When we read someone’s story—whether it be their own, their family’s, or most likely a little of both—we engage with that living web of history in a way that is intensely personal and “relevant” in the truest sense of the word. Readers, especially non-Jewish readers, must continue to read, listen, and learn widely regardless of age. Only with more comprehensive and accurate engagement with history can we move closer to the “Truth” as well as a “better” future. We cannot just remember history; we must face its aftershocks, as countless marginalized communities have been doing for centuries, and actively make space for those voices who have long been silenced. What will the future look like? It may be time to look at the past as more than just an ominous lesson.
Pine Reads Review is dedicated to supporting Jewish voices across all genres and time periods—and not just around important historical dates—but we know that we can always be doing and learning more. Below are lists of both OwnVoices Jewish historical novels and Jewish works not focusing on the Holocaust, as well as other resources. While it is essential to recognize, and reckon with, the Holocaust and its contemporary importance, Jewishness and Jewish stories cannot and should not be relegated solely to this historical tragedy. For more on this topic, please read BrocheAroe Fabian’s “Jewish Readers Deserve to See Themselves Outisde of the Holocaust and Holidays”. Though we have checked the OwnVoices representation of these books, please let us know if we have mistakenly included any non-OwnVoices literature.
Anna and the Swallow Man by Gavriel Savit
Mapping the Bones by Jane Yolen
Another Me by Eva Wiseman
Black Radishes by Susan Lynn Meyer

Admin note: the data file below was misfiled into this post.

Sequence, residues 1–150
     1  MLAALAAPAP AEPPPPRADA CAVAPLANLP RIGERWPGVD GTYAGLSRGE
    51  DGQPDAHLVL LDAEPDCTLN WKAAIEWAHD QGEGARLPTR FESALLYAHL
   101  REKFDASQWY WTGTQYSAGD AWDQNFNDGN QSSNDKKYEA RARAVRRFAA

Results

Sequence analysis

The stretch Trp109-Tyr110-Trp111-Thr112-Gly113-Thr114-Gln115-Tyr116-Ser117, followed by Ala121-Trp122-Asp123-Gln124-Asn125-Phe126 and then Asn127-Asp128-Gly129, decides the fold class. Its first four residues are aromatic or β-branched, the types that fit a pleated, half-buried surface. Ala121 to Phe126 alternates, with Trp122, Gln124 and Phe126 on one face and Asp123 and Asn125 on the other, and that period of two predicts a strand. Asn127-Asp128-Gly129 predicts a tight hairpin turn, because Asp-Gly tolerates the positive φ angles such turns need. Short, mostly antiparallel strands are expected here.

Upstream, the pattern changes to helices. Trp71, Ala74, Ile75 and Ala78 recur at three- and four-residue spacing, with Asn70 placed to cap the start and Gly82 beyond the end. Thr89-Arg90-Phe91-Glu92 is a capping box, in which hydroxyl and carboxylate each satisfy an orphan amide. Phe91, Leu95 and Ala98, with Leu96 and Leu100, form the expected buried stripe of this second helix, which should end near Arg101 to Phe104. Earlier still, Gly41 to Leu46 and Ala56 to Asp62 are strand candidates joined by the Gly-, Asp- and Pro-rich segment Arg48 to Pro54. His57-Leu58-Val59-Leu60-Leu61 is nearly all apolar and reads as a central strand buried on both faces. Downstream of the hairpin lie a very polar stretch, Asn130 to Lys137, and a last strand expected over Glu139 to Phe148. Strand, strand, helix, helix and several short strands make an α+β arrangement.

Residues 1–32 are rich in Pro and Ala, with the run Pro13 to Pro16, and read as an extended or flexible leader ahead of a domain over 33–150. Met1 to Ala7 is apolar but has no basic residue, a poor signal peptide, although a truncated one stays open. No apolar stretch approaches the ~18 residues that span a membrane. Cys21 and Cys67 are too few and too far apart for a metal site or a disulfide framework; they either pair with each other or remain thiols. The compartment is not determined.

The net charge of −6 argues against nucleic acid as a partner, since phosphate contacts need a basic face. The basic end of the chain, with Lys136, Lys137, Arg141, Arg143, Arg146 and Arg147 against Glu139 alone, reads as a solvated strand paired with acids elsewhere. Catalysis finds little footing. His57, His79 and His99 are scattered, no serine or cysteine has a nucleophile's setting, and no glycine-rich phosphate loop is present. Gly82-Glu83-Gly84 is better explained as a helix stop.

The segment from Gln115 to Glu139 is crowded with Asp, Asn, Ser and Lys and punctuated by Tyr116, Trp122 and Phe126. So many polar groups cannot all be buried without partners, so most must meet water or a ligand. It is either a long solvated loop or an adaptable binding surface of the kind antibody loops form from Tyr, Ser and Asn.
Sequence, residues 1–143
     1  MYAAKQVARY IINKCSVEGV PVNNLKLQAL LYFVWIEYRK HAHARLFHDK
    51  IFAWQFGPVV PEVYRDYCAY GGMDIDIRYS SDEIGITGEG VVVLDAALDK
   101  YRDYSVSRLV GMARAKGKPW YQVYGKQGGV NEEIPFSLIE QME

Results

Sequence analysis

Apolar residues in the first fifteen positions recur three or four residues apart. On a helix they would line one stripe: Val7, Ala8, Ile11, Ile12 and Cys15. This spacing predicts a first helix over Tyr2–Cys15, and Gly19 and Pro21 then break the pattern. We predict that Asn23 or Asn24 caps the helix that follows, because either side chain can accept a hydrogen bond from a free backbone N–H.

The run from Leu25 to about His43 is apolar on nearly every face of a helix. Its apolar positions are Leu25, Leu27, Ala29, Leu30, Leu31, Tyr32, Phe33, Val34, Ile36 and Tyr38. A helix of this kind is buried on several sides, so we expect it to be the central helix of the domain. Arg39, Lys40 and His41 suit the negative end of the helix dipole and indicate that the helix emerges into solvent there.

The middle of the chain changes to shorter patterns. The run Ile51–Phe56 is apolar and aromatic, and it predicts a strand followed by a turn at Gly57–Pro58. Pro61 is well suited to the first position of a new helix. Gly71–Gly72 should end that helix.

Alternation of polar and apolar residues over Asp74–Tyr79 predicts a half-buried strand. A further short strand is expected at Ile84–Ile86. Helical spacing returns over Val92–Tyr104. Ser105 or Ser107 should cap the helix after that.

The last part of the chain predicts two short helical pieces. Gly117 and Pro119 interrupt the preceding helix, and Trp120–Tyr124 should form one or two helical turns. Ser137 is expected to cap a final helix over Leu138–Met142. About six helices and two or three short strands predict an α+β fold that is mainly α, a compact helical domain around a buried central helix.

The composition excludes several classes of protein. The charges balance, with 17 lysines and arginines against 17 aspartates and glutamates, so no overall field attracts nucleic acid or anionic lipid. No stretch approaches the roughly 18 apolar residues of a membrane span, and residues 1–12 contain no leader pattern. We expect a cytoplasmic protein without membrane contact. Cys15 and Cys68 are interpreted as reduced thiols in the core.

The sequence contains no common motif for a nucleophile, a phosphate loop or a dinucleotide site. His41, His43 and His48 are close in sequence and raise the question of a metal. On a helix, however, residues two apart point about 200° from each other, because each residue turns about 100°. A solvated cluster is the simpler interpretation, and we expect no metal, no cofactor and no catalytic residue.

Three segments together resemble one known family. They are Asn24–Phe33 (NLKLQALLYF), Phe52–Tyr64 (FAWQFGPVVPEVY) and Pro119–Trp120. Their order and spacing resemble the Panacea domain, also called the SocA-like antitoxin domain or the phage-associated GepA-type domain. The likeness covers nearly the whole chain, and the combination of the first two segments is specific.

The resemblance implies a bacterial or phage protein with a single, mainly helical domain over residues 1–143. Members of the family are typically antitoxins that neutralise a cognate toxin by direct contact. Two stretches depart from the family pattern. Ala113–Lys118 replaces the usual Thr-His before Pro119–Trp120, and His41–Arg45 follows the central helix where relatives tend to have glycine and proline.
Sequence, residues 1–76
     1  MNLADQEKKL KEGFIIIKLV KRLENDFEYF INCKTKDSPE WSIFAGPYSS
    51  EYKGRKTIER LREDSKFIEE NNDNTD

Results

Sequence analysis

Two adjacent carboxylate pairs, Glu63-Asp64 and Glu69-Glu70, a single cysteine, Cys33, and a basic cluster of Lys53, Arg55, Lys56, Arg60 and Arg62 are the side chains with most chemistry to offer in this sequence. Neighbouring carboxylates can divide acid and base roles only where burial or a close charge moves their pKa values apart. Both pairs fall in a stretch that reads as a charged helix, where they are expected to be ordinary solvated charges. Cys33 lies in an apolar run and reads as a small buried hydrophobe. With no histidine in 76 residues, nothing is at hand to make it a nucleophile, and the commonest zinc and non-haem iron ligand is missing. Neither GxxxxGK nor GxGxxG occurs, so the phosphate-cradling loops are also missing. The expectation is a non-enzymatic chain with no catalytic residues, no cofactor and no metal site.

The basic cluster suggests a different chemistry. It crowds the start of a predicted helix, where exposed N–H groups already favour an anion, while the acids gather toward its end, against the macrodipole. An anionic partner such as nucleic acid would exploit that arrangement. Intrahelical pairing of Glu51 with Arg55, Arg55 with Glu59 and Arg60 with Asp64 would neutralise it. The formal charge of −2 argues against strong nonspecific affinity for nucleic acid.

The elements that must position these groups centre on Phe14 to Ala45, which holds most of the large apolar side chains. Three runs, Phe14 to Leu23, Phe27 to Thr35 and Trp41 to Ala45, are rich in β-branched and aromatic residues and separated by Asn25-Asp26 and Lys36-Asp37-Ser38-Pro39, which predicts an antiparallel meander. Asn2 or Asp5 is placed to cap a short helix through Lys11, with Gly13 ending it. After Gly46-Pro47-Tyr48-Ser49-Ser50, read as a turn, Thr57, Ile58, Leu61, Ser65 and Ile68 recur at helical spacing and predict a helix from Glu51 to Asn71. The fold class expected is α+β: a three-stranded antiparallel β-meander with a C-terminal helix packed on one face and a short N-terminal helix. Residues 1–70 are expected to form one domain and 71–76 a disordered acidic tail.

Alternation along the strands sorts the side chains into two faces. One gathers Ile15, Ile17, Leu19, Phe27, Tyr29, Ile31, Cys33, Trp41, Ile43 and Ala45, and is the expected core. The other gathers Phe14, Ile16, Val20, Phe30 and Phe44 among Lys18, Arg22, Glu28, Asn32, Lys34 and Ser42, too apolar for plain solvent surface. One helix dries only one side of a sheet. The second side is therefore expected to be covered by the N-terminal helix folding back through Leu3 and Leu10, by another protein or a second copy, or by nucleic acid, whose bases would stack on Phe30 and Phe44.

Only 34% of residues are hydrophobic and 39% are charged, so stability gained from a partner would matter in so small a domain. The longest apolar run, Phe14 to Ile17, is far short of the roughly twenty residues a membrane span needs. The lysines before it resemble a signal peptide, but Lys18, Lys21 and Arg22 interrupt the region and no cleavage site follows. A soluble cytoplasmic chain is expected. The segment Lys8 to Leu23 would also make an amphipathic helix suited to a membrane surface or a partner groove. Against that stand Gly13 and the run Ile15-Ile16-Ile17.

Escaping into the Night by D. Dina Friedman
The Diary of a Young Girl by Anne Frank
The Magician of Auschwitz written by Kathy Kacer, illustrated by Gillian Newland
Today Tonight Tomorrow by Rachel Lynn Solomon
What I Like About You by Marisa Kanter
Yes No Maybe So by Becky Albertalli and Aisha Saeed
The Neighborhood of True by Susan Kaplan Carlton
It’s a Whole Spiel: Love, Latkes, and Other Jewish Stories edited by Katherin Locke and Laura Silverman
Invisible Ghosts by Robyn Schneider
Broken Strings by Eric Walters and Kathy Kacer
Not Your All-American Girl by Madelyn Rosenberg and Wendy Wan-Long Shang
A Place at the Table by Saadia Faruqi and Laura Shovan
The Way Back by Gavriel Savit
Color Me In by Natasha Díaz
Hope and Other Punchlines by Julie Buxbaum
Kissing in America by Margo Rabb
Recommended for You by Laura Silverman
Sick Kids in Love by Hannah Moskowitz
Grendel’s Guide to Love and War by A.E. Kaplan
Every Day by David Levithan
Lucky Broken Girl by Ruth Behar
Anya and the Dragon by Sofiya Pasternack
Hereville: How Mirka Got Her Sword by Barry Deutsch
No Vacancy by Tziporah Cohen
Always an Olivia: A Remarkable Family History written by Carolivia Herron, illustrated by Jeremy Tugeau
We Need Diverse Books, “Resources for Holocaust Remembrance Day”
United States Holocaust Memorial Museum, “Children’s Books”
PRR Assistant Director, Hannah Miller
Update 1/31/21: A previous version stated that 11 million non-Jewish people were killed during the Holocaust. This has been corrected to 11 million people total (6 million Jewish people and 5 million non-Jewish people).